The brutality and racial hatred exhibited by Japan's military during the Pacific War piqued outrage in the West and fanned resentments throughout Asia. Public understanding of Japan's wartime atrocities, however, often fails to differentiate the racial agendas of its military and government elites from the racial values held by the Japanese people. While not denying brutalities committed by the Japanese military, Honored and Dishonored Guests overturns these standard narratives and demonstrates rather that Japan's racial attitudes during wartime are more accurately discerned in the treatment of Western civilians living in Japan than the experiences of enemy POWs.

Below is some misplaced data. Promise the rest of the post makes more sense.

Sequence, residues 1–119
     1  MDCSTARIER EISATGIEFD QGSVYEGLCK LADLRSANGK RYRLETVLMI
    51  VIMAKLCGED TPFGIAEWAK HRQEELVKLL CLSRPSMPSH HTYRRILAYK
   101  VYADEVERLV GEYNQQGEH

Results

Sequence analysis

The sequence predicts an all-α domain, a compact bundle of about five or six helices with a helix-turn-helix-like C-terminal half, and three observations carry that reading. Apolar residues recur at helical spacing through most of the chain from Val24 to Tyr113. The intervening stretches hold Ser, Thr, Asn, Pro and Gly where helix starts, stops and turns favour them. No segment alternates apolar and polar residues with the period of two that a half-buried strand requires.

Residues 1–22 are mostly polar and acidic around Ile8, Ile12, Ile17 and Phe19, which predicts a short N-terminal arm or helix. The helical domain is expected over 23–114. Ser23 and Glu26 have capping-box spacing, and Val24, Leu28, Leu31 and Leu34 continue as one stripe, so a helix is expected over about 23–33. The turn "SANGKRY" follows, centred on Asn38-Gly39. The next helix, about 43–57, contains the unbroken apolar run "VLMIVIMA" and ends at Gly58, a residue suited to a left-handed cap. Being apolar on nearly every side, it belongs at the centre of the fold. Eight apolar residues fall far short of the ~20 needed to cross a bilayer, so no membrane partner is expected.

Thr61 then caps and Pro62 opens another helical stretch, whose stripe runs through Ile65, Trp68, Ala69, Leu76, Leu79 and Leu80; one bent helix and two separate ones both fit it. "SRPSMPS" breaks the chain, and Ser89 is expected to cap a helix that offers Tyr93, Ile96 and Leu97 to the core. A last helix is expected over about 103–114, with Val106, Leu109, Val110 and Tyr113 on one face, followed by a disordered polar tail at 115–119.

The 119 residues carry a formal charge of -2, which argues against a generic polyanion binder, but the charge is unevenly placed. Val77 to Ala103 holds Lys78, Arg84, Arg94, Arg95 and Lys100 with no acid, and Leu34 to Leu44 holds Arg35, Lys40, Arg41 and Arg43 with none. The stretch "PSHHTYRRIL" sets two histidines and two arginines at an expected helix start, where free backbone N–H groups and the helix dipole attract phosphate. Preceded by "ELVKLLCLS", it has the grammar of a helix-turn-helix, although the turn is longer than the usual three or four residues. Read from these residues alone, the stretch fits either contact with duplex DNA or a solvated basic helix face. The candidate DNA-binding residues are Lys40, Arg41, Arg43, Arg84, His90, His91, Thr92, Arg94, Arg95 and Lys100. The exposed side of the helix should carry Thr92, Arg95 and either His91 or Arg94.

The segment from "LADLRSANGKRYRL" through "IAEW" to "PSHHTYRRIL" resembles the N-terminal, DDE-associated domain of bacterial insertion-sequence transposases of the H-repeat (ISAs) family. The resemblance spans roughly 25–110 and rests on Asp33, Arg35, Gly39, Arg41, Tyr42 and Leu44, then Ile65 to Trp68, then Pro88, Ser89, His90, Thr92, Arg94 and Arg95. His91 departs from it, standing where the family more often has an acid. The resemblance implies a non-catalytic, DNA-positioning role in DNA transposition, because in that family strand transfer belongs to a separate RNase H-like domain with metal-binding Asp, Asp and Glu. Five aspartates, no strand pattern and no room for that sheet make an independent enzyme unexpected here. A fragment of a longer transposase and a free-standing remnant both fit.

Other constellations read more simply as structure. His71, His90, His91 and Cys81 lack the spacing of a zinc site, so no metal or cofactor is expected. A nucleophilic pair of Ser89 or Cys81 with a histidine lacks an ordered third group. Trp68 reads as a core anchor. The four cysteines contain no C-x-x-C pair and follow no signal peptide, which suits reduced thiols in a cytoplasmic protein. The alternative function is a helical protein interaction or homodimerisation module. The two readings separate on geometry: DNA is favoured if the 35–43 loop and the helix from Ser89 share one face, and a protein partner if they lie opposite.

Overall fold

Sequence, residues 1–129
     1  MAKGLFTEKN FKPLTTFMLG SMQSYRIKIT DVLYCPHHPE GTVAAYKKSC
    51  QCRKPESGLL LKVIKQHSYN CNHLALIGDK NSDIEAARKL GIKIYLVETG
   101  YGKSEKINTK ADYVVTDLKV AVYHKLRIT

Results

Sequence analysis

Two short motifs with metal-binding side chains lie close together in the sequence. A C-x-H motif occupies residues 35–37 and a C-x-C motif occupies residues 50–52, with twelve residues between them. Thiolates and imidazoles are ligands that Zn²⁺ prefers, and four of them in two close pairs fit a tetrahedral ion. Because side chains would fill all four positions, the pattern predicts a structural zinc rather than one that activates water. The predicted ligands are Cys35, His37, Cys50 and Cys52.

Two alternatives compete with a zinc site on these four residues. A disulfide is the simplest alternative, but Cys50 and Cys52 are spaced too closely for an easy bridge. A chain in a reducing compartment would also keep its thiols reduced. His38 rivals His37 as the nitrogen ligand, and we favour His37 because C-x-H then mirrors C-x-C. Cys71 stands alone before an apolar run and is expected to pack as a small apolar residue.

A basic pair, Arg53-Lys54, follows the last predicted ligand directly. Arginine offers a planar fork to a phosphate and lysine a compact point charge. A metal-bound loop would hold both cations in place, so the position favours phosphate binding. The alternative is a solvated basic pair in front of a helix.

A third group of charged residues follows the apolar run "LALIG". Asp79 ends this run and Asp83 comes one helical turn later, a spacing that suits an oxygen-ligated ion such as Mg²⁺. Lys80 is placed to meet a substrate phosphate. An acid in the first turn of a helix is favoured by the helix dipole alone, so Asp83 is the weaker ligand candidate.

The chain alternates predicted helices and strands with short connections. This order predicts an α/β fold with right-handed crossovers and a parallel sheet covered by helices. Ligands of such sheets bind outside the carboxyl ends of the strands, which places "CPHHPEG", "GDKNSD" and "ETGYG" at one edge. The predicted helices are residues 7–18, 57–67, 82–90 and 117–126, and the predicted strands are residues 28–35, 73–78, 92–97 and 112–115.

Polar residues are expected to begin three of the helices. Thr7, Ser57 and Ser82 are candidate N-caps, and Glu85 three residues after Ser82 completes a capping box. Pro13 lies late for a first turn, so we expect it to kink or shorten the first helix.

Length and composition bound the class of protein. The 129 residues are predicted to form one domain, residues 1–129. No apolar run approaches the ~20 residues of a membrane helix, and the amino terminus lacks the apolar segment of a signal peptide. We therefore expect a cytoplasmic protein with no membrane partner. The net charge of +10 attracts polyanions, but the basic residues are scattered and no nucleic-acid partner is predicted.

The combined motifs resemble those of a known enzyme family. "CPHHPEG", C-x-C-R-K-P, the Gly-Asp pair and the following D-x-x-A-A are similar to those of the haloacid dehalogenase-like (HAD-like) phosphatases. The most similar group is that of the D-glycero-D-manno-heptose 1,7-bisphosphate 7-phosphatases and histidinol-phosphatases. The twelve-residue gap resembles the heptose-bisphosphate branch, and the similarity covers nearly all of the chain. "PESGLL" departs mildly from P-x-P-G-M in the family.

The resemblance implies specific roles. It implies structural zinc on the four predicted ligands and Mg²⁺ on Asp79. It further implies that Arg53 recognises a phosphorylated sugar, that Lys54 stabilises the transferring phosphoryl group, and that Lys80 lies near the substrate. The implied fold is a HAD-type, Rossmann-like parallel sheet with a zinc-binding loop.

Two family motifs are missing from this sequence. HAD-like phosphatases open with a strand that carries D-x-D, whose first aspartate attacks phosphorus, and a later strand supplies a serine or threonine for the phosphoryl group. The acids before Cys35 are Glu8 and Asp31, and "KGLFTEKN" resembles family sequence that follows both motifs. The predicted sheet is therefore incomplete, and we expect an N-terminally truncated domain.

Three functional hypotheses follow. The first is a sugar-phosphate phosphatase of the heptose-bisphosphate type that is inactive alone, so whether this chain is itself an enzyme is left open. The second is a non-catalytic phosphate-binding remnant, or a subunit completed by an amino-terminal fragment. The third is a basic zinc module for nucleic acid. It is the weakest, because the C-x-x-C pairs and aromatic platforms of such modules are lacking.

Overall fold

The book chronicles Western communities in wartime Japan, using this body of experiences to reconsider allegations of Japanese racism and racial hatred. Its bold thesis is borne out by a broad mosaic of stories from dozens of foreign families and individuals who variously endured police harassment, suspicion, relocation, starvation, denaturalization, internment, and torture, as well as extraordinary acts of charity. The book's account of stranded Westerners--from Tokyo, Yokohama, and Kobe to the mountain resorts of Karuizawa and Hakone--yields a unique interpretation of race relations and wartime life in Japan.